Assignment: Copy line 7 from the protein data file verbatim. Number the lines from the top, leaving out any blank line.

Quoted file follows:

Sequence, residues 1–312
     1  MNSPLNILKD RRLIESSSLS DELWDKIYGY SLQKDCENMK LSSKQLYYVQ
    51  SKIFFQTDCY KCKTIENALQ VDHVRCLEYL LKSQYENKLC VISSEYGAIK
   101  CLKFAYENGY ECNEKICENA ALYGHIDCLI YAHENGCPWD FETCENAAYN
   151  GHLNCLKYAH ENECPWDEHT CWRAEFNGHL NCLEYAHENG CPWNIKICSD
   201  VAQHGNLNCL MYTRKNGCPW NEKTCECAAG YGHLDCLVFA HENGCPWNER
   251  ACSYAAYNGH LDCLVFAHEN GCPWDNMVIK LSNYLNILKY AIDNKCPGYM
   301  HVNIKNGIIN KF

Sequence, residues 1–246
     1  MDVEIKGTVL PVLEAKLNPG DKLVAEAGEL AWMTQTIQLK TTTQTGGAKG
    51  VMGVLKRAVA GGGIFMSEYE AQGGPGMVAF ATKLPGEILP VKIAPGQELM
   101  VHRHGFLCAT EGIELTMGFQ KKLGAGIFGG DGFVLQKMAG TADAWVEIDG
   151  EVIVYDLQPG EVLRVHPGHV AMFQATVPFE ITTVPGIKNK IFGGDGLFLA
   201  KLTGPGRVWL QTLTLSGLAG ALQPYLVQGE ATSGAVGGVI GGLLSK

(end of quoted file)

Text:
   251  ACSYAAYNGH LDCLVFAHEN GCPWDNMVIK LSNYLNILKY AIDNKCPGYM